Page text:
7. Rocky Flats Compliance Program; Technology summary

    SciTech Connect

    1994-02-01

    The Department of Energy (DOE) established the Office of Technology Development (EM-50) (OTD) as an element of Environmental Restoration and Waste Management (EM) in November 1989. The primary objective of the Office of Technology Development, Rocky Flats Compliance Program (RFCP), is to develop altemative treatment technologies for mixed low-level waste (wastes containing both hazardous and radioactive components) to use in bringing the Rocky Flats Plant (RFP) into compliance with Federal and state regulations and agreements. Approximately 48,000 cubic feet of untreated low-level mixed waste, for which treatment has not been specified, are stored at the RFP. The cleanup of the Rocky Flats site is driven by agreements between DOE, the Environmental Protection Agency (EPA), and the Colorado Department of Health (CDH). Under these agreements, a Comprehensive Treatment and Management Plan (CTMP) was drafted to outline the mechanisms by which RFP will achieve compliance with the regulations and agreements. This document describes DOE`s strategy to treat low-level mixed waste to meet Land Disposal Restrictions and sets specific milestones related to the regulatory aspects of technology development. These milestones detail schedules for the development of technologies to treat all of the mixed wastes at the RFP. Under the Federal Facilities Compliance Act (FFCA), the CTMP has been incorporated into Rocky Flats Plant Conceptual Site Treatment Plan (CSTP). The CSTP will become the Rocky Flats Plant site Treatment Plan in 1995 and will supersede the CTMP.

  8. Operation of Concentrating Solar Power Plants in the Western Wind and Solar Integration Phase 2 Study

    SciTech Connect

    Denholm, P.; Brinkman, G.; Lew, D.; Hummon, M.

    2014-05-01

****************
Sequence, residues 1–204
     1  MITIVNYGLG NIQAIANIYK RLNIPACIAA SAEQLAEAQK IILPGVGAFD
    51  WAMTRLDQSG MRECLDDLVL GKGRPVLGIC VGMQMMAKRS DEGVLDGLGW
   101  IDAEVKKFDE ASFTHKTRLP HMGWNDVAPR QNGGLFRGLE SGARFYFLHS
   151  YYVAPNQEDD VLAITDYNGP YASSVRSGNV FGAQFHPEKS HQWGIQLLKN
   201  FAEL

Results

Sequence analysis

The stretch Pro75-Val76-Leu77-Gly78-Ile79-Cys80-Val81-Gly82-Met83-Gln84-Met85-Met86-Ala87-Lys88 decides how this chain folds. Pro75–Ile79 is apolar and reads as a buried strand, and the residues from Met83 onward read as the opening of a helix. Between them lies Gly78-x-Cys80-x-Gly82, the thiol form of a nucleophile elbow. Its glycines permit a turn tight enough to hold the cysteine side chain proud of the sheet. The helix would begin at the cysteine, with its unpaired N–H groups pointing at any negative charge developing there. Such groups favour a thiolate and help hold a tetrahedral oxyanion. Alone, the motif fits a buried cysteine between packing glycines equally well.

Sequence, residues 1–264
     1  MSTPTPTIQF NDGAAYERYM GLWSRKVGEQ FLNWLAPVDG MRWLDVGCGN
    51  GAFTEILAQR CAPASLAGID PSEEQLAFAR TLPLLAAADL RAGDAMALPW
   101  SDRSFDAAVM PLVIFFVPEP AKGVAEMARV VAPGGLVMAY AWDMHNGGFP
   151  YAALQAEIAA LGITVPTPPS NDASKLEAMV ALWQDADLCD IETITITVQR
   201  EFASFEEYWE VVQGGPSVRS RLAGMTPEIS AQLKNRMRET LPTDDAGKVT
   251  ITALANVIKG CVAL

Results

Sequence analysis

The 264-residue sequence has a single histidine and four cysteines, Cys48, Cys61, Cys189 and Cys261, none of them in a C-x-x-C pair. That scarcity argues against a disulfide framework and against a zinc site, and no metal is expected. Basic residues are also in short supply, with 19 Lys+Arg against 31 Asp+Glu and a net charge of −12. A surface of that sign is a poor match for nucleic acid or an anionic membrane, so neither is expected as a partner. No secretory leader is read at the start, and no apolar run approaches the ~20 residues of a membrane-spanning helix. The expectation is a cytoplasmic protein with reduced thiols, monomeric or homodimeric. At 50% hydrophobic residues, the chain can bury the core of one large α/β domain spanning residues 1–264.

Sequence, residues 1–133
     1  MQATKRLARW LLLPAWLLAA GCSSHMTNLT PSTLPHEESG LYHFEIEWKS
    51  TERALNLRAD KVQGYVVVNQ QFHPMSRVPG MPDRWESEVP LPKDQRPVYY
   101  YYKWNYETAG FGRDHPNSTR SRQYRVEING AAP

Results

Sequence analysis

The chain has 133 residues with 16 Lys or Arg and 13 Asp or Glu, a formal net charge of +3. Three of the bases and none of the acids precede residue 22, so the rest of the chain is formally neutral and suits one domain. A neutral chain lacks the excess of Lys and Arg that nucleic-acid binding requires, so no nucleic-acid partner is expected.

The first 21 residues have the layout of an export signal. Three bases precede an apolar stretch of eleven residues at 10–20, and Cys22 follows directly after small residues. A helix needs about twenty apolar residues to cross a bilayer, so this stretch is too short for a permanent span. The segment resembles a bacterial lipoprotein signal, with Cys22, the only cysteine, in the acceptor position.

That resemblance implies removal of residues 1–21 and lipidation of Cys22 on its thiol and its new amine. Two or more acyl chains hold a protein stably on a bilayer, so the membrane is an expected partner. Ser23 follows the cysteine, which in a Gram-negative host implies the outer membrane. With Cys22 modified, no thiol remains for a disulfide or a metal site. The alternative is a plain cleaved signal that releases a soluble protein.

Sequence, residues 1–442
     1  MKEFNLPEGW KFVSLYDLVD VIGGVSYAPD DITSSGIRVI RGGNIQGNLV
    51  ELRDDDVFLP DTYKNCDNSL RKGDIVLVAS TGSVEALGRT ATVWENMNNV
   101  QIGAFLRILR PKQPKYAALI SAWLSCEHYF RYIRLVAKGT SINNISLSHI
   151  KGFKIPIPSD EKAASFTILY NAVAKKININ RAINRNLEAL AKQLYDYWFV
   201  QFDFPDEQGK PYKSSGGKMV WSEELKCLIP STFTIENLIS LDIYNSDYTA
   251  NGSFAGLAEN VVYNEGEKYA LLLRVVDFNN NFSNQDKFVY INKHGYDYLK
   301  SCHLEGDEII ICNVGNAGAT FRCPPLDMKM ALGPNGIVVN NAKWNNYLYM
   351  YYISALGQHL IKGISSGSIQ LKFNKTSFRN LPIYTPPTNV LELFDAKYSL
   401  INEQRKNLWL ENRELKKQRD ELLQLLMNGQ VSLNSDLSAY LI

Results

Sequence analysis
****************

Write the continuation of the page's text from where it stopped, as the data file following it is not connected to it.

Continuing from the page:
The Western Wind and Solar Integration Study (WWSIS) explores various aspects of the challenges and impacts of integrating large amounts of wind and solar energy into the electric power system of the West. The phase 2 study (WWSIS-2) is one of the first to include dispatchable concentrating solar power (CSP) with thermal energy storage (TES) in multiple scenarios of renewable penetration and mix. As a result, it provides unique insights into CSP plant operation, grid benefits, and how CSP operation and configuration may need to change under scenarios of increased renewable penetration. Examination of the WWSIS-2 results indicates that in all scenarios, CSP plants with TES provides firm system capacity, reducing the net demand and the need for conventional thermal capacity. The plants also reduced demand during periods of short-duration, high ramping requirements that often require use of lower efficiency peaking units. Changes in CSP operation are driven largely by the presence of other solar generation, particularly PV. Use of storage by the CSP plants increases in the higher solar scenarios, with operation of the plant often shifted to later in the day. CSP operation also becomes more variable, including more frequent starts. Finally, CSP output is often very low during the day in scenarios with significant PV, which helps decrease overall renewable curtailment (over-generation). However, the configuration studied is likely not optimal for High Solar Scenario implying further analysis of CSP plant configuration is needed to understand its role in enabling high renewable scenarios in the Western United States.